As the messy aftermath of Ottawa's light rail launch plays out across the city, some are beginning to wonder whether the partnership model behind the project was a good idea in the first place.
That's because public-private partnerships, or P3s — when government agencies and private-sector companies collaborate on major infrastructure projects — don't always work out, said Matti Siemiatycki, interim director of the University of Toronto's School of Cities.
I think what we'll find out in the Ottawa case is whether the enforcement, the monitoring of that contract and the transparency of that contract allows this to be a good value for residents and for taxpayers. - Matti Siemiatycki, University of Toronto's School of Cities
"There's been a really mixed record with public-private partnerships in Canada, and globally," Siemiatycki told CBC Radio's Ottawa Morning Monday.
The Confederation Line was built through one such partnership. The line was a joint venture between all three levels of government and the Rideau Transit Group (RTG) consortium of private companies.
But the system has been beset by construction delays and a bevy of technical problems, which are as costly as they are frustrating.
"The Ottawa Confederation Line ... not only had challenges during construction, but is now having significant issues during operations," Siemiatycki observed.
The city is bringing 40 buses back into service to compensate for delays, and continues to withhold payments from RTG. It's bringing additional buses into service earlier than expected to act as backup transport when the Confederation Line inevitably breaks down.
Normally, the whole point of the partnerships is to manage risk, Siemiatycki said.
"Big transit projects have had real challenges in terms of on-time and on-budget project delivery," he said. "Public-private partnerships are a model to transfer risk from government, who typically bears the costs ... and transfer that risk to the private sector."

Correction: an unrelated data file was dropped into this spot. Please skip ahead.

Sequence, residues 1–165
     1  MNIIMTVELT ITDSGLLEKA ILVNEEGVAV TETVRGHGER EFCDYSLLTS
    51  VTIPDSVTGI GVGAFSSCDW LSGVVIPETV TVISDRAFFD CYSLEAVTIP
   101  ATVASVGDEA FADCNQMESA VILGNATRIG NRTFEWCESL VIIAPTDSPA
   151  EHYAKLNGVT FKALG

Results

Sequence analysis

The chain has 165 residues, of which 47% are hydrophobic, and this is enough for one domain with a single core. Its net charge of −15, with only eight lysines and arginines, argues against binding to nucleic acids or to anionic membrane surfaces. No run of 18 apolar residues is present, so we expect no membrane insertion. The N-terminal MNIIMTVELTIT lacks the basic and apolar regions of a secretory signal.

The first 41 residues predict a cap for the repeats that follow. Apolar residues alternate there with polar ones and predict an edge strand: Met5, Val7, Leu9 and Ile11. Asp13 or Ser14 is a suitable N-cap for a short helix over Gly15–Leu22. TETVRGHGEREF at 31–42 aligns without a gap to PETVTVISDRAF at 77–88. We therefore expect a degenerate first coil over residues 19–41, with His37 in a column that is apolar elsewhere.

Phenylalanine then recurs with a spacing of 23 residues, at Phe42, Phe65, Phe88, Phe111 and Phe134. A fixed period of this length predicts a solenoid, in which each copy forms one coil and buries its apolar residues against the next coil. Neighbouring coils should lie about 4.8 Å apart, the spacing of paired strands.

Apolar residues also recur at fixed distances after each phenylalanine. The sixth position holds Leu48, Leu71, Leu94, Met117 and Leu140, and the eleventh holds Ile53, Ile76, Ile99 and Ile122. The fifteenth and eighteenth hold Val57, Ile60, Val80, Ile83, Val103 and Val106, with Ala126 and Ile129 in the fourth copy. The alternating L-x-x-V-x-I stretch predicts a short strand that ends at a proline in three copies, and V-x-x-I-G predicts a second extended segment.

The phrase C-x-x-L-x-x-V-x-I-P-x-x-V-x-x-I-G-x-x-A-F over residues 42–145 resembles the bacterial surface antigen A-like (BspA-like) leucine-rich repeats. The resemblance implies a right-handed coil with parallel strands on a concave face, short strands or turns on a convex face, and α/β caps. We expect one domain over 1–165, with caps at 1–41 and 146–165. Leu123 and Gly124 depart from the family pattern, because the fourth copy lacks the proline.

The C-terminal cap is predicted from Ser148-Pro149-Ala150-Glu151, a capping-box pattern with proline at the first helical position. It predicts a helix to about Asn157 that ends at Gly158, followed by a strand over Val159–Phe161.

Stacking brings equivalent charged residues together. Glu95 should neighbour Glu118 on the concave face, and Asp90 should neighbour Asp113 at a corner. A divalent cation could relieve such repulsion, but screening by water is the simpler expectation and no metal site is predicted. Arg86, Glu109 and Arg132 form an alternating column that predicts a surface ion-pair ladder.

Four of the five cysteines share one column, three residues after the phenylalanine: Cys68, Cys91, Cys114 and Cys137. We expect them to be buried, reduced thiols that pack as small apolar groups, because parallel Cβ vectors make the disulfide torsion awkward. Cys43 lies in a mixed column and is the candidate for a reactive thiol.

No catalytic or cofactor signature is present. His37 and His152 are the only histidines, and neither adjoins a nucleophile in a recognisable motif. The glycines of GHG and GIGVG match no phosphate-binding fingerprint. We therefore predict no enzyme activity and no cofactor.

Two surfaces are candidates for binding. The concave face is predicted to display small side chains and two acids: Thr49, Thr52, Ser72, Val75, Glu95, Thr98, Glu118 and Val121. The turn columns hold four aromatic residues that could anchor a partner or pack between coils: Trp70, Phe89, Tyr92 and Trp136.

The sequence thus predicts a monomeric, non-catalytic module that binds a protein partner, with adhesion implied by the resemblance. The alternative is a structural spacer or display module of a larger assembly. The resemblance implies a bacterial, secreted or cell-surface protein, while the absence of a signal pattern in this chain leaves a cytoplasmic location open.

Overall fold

But P3s can also pave the way for private innovation — often at the lowest possible price tag.
The sector wants to "lower costs [so] they're more competitive in the bidding process and that they ultimately win and get to deliver the project," Siemiatycki explained.
The key problem is that when things go awry, governments are sometimes forced to buy back the project to cut down on mounting costs.
Stage 2 using same model
That's a concern, considering Stage 2 of the LRT is also a P3.
"This model protects taxpayers from the costs associated with construction risks that almost always occur during the construction of a large and complex transit infrastructure system," said Mayor Jim Watson back in February when announcing second stage's preferred builder.
But not everyone on city council thinks the partnerships are beneficial.
"The risk of P3 procurements include the lack of transparency, it includes a lower grade of construction, it includes maintenance deals for 30 years," said Coun. Shawn Menard.
Siemiatycki said it ultimately comes down to who's involved.
"It depends on who the partners are, it depends on how the contract is written and then it depends on the appropriate information being shared and enforcement of that contract," he said.
"I think what we'll find out in the Ottawa case is whether the enforcement, the monitoring of that contract and the transparency of that contract allows this to be a good value for residents and for taxpayers."